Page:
Washington Post’s Must-Read Profile on PETA’s Field Team May Bring You to Tears AND Inspire You to Take Action for Dogs
Why is it so vital to lobby for tethering bans and other animal-care standards? After spending a few days with PETA fieldworkers, The Washington Post tells the story.
You’ve heard the story of the three little pigs. Watch our fieldworkers rescue three real-life pigs kept 24/7 in a cramped, flooded pen—and meet a few other animals PETA helped this summer.
Mingo didn’t know life outside a cramped, filthy pen. Now, she’s living indoors as part of a family. Meet the other animals PETA helped these past few months.
For the first time ever, a documentary is sounding the alarm on a national crisis affecting dogs and other companion animals. Watch “Breaking the Chain” on demand now.
August 15 is International Homeless Animals’ Day, and PETA is calling on everyone to go the extra mile to spread awareness of the approximately 70 million stray, lost, and abandoned dogs and cats in the U.S. The homeless dogs and cats who spend each day fighting for their lives are struggling largely because of people’s… Read more »
From an orphaned owl to a suffering goose to doghouses delivered, here are some highlights from our field team, which came to the aid of animals in need.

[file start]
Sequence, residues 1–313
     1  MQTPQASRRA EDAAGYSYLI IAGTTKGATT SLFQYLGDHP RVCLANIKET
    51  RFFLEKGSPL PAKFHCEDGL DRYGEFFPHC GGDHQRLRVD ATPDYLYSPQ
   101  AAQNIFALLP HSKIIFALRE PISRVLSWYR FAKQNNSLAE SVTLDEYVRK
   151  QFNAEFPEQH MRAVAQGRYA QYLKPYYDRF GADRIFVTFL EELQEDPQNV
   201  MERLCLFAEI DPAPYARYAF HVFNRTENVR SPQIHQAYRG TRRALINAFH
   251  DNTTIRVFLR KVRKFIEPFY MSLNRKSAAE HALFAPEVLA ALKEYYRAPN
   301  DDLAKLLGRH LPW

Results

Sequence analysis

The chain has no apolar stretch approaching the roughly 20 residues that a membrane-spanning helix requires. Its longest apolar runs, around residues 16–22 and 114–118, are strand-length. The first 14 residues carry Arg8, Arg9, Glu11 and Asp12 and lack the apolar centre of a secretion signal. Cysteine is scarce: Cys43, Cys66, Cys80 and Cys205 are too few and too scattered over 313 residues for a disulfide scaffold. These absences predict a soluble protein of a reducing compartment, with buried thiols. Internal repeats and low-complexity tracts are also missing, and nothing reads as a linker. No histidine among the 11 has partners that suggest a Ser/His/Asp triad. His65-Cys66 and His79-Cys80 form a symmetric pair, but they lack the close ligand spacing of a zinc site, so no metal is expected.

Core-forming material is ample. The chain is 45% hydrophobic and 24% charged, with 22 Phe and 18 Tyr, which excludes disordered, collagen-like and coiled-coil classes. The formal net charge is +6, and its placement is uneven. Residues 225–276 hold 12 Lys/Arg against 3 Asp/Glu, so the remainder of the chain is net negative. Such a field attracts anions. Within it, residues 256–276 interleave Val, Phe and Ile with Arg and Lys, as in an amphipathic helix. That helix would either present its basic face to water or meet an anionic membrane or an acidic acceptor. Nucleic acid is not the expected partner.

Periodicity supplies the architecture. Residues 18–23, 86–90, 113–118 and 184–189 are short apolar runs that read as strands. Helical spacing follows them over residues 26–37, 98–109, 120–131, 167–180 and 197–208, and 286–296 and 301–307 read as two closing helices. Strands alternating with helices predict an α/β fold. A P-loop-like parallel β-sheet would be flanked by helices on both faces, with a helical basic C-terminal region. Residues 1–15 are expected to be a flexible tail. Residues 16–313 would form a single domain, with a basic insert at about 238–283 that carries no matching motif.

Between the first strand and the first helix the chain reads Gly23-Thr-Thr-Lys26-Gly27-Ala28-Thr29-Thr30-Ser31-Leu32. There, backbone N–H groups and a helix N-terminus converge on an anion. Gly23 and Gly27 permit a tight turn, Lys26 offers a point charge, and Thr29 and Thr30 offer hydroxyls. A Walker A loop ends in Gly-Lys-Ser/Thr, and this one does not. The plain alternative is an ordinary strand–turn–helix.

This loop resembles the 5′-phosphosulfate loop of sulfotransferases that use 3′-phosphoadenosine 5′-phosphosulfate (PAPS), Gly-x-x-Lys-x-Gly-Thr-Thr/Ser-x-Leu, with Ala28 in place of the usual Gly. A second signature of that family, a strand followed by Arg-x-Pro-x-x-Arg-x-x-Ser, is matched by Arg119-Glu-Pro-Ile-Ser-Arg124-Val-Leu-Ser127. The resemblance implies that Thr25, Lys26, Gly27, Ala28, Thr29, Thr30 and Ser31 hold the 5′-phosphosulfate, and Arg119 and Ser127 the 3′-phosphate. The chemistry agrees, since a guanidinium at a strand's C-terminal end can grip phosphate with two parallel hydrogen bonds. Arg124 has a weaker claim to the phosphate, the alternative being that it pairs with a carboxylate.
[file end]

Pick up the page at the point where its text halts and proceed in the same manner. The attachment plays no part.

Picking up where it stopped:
Even during the pandemic, countless animals need PETA’s help every day. Here are some highlights from our field team, which came to the aid of animals in need.
This “horror show” is evidence of a widespread problem: Millions of American dogs are euthanized each year, yet thousands are shipped from overseas, adding to the death toll.
It’s often the case that the only food, clean water, or loving touch that these animals ever receive comes from PETA’s dedicated field team.
Records show that a dog named Beethoven who developed an inflamed scrotum while being boarded at a PetSmart kennel wasn’t given veterinary care. His suffering must have been awful.
For stoic pup Yeehaw Wayne and miniature horse Bea, there’s (now) no place like home. Meet them and the other animals PETA’s essential fieldworkers helped in April.
The COVID-19 pandemic is leaving families struggling to feed their beloved dogs and cats. But with your help, our fieldworkers are making sure animals don’t go hungry.
Could you live outdoors in the winter, wet and muddy in near-freezing temperatures? Check out these photos of animals PETA aided in February.
Lonely, chained dogs in Halifax County, North Carolina, got some good news this month: There’s a new tethering ordinance. Find out what else PETA was up to in December.
“Almost all of us grew up eating meat, wearing leather, and going to circuses and zoos. We never considered the impact of these actions on the animals involved. For whatever reason, you are now asking the question: Why should animals have rights?” READ MORE
— Ingrid E. Newkirk, PETA President and co-author of Animalkind